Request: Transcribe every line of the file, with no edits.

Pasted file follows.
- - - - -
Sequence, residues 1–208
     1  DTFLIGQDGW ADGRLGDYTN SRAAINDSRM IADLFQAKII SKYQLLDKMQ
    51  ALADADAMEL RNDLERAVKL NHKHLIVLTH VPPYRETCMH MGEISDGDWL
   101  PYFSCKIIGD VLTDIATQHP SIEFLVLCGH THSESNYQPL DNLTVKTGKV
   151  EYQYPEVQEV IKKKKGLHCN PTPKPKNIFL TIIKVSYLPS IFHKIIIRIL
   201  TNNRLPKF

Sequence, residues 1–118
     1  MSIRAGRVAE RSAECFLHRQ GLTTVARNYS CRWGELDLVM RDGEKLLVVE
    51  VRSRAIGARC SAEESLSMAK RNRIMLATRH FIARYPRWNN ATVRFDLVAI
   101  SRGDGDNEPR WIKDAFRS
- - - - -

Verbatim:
Sequence, residues 1–208
     1  DTFLIGQDGW ADGRLGDYTN SRAAINDSRM IADLFQAKII SKYQLLDKMQ
    51  ALADADAMEL RNDLERAVKL NHKHLIVLTH VPPYRETCMH MGEISDGDWL
   101  PYFSCKIIGD VLTDIATQHP SIEFLVLCGH THSESNYQPL DNLTVKTGKV
   151  EYQYPEVQEV IKKKKGLHCN PTPKPKNIFL TIIKVSYLPS IFHKIIIRIL
   201  TNNRLPKF

Sequence, residues 1–118
     1  MSIRAGRVAE RSAECFLHRQ GLTTVARNYS CRWGELDLVM RDGEKLLVVE
    51  VRSRAIGARC SAEESLSMAK RNRIMLATRH FIARYPRWNN ATVRFDLVAI
   101  SRGDGDNEPR WIKDAFRS